In operation, once the rod 14 has been inserted into a bone 30, as shown in FIG. 1, a typical guide instrument is utilized to align a suitable drill with bores at the upper end of the rod, such as bore 20 to enable the drilling of holes for insertion of lag screw 22. Additional screws may be utilized in the arrangement, shown for example in my prior patent, identified above. Once the rod is anchored in the upper portion 32 of the bone 30 the lower bone is properly positioned and properly oriented. The bone portion intersecting to locate and drill a hole in the bone portion intersecting the bore 24, as shown in FIG. 2. Preferably the hole through the bone will intercept the oblong bore 24 at its lower most end so that when screw 28 is inserted, ample room for biasing and movement of the bone and screw upward to establish compression in the fracture will be provided. As will be appreciated, the screw 28 having a step diameter, a first drill for portion 40 will be drilled through the bone in alignment with the lower most end of bore 24. Thereafter, a larger hole will be made up to the edge of the rod 14. A preferred method is the utilization of a cannulated or hollow second diameter bore drill that fits over the first drill utilizing the first drill as a guide to maintain precise alignment.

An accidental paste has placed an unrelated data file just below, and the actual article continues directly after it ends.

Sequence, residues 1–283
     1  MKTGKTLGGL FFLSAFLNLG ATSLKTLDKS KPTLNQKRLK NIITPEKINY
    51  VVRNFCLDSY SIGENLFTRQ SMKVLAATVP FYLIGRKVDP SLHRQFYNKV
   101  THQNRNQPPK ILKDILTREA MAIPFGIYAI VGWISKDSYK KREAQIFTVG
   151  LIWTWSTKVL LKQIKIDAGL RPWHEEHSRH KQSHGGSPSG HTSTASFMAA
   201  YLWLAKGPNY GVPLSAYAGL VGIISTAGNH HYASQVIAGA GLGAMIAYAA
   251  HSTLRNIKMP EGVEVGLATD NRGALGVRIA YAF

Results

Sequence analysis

Once the hole is made into the bone, the screw 28 is inserted through hole 24 and threaded into the far side of the bone. As the screw threads into the bone, the shoulder 38 of screw 28 engages and biases against cam surface 26. As the screw 28 moves further inward, it rides upward on the slope 26 carrying the bone portion 34 there along to further move the bones closer together in the area of the fracture 34, as shown in FIG. 3. The screw 28 is threaded in until the lower bone portion moves into engagement with the upper portion 14 and a suitable compression is established. In the ideal position, a suitable compression is reached as the screw approaches or nears the bottom of the slope of the cam 26, as shown in FIG. 4.